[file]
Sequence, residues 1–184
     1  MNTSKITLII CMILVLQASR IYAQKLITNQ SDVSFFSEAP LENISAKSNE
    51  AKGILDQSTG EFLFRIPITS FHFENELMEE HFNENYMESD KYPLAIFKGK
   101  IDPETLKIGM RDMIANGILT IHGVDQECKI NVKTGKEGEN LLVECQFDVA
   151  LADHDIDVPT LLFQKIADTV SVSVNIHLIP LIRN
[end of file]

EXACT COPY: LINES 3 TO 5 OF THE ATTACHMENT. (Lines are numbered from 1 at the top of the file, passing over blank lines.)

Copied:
    51  AKGILDQSTG EFLFRIPITS FHFENELMEE HFNENYMESD KYPLAIFKGK
   101  IDPETLKIGM RDMIANGILT IHGVDQECKI NVKTGKEGEN LLVECQFDVA
   151  LADHDIDVPT LLFQKIADTV SVSVNIHLIP LIRN